Crowd cheers athlete’s return after shooting

Justin Thompson (c.) is wheeled onto the court as his family applauds for him. Archbishop Molloy played Fordham Preparatory during a game at Molloy in Queens on Friday, January 3, 2012.
Photo by Christina Santucci
By Joseph Staszewski

Justin Thompson has shown exemplary strength and courage under the most difficult of circumstances.

That was not going to change, as his father Donald pushed his wheelchair to center court at Archbishop Molloy’s Jack Curran Gymnasium.

“His courage and his positive attitude have been what’s helped keep us going,” Donald Thompson said. “The way Justin has been strong and not breaking down, you can’t go in and break down. It defeats the purpose.”

As Justin Thompson, paralyzed from the waist down, got a standing ovation from a packed house, he simply flashed his signature smile and put his finger in the air. The crowd chanted “Justin Thompson” on the night dedicated to the soccer and basketball standout before the boys’ hoops team’s game against Fordham Prep Friday. He sat with more than 20 members of his family in a special section near the stage.

“That was the idea,” Justin Thompson, who admitted to being nervous, said of his subdued response. “I’m glad everything looked like that. I don’t want people feeling bad for me. Eventually I’m going to be back on my feet. It’s still looking good. With these types of injuries it’s really early.”

He was shot in the back on Oct. 21, 2011, leaving a party with friends in Cambria Heights. It was thought to be a gang-related shooting and that Justin Thompson, a model student, was not the intended target. Friday was his first day back in the school since then. Police said Monday no arrests had been made in the case.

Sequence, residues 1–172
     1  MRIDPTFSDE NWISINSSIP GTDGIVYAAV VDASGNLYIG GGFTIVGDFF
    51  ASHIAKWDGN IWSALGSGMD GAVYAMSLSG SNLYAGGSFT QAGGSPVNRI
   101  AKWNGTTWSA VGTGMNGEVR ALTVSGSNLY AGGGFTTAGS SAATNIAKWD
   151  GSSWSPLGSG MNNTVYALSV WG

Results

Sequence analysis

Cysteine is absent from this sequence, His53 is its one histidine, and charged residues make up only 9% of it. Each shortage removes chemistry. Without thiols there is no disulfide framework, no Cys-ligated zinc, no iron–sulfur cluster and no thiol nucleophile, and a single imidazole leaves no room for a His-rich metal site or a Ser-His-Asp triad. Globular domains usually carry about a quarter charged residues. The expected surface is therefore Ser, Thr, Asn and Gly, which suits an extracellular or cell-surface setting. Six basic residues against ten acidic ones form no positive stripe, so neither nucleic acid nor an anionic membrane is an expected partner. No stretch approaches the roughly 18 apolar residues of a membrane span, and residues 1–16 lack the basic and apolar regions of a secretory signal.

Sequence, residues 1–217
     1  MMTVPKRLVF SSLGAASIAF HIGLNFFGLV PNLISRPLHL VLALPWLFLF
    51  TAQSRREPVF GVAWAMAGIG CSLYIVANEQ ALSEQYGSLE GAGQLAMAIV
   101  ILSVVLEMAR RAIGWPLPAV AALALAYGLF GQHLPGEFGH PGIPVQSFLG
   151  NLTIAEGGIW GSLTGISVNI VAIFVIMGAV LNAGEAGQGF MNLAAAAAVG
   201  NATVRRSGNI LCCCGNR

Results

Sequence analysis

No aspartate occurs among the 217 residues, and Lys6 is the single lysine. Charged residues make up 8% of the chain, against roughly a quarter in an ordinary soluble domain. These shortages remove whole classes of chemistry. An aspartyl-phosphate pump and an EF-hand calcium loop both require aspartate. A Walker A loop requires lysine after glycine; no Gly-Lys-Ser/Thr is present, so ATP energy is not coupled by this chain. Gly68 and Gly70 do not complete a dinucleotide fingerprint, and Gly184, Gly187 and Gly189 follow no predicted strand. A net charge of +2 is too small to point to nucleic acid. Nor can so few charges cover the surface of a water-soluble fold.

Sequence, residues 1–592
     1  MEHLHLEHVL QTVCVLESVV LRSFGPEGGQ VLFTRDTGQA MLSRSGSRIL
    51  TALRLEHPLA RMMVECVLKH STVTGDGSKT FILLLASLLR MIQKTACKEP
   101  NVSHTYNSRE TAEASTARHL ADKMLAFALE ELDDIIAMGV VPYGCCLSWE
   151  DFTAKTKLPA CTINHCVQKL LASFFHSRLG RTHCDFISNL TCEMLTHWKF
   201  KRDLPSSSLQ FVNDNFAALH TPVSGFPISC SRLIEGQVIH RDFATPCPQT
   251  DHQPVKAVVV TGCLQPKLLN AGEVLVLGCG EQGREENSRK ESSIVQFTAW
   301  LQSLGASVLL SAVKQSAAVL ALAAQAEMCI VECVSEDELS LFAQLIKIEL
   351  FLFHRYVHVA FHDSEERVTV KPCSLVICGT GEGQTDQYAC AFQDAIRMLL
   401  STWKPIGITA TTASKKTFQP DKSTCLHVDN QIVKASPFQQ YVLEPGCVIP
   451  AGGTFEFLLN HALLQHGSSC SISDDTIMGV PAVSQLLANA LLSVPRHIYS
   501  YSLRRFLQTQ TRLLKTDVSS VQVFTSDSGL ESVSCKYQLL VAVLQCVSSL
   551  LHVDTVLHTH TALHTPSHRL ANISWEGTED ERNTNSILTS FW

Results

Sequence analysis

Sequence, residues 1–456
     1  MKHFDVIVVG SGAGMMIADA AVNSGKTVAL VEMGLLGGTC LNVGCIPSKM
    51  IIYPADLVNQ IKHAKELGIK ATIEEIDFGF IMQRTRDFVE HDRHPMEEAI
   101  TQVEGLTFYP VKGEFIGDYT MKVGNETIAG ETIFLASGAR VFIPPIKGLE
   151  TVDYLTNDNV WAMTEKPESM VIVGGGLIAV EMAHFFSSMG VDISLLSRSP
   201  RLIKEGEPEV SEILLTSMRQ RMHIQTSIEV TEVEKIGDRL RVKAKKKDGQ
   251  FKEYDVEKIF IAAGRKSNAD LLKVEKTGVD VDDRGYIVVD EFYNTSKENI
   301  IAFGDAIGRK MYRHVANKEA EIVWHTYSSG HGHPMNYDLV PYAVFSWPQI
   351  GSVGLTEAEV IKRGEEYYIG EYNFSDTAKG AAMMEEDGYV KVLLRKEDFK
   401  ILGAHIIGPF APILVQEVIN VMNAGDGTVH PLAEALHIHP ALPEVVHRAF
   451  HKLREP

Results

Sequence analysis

“It showed him even when he comes back to the school, we will be there for him,” girls’ soccer star Victoria Antonino said. “The support from Molloy is never going to go away.”

The help from the school has been overwhelming and ever-present, according to Donald Thompson. Alumni had raised more than $30,000 as of Friday night along with $7,800 from a mission collection at the school, according to alumni development director Craig Katinas.

“The kid just has a good spirit, good character,” legendary Molloy Coach Jack Curran said. “He is going to fight this thing right through.”

The money collected at the door against the Rams went to Thompson. People could purchase raffle tickets, T-shirts and bracelets. Players from the boys’ soccer team walked around with donation boxes and the girls’ squad had a bake sale in the cafeteria. People looking to donate can contact the school’s guidance office.

“It makes you feel good knowing that you’re helping such a great kid,” senior defender Jack Moravek said.

Doctors have told Justin Thompson he could walk again with more intensive and constant physical therapy. Much of the money raised by Molloy will go toward paying for equipment for the house and more than the three days of treatment he is currently getting per week.

Justin Thompson, who is being home schooled now, has designs on walking through the halls of Molloy again.

“We believe firmly in God that one day, at God’s time, he will be up and running,” said his father, who spoke to the crowd at halftime. “The odds are good.”

Justin Thompson got to sit and watch the Stanners beat Fordham Prep 42-30. He asked junior forward Marko Kozul for a dunk and he delivered with a one-handed slam to beat the halftime buzzer. He and the rest of the players greeted Justin Thompson at midcourt before the game.

“I made his wish come true,” Kozul said.

Justin Thompson’s next desires are to walk and get back to Molloy on a more permanent basis. The outpouring of love and support he was shown Friday gave him even more motivation.

“It’s early,” he said. “It’s real, real early and I just need some time to heal.”

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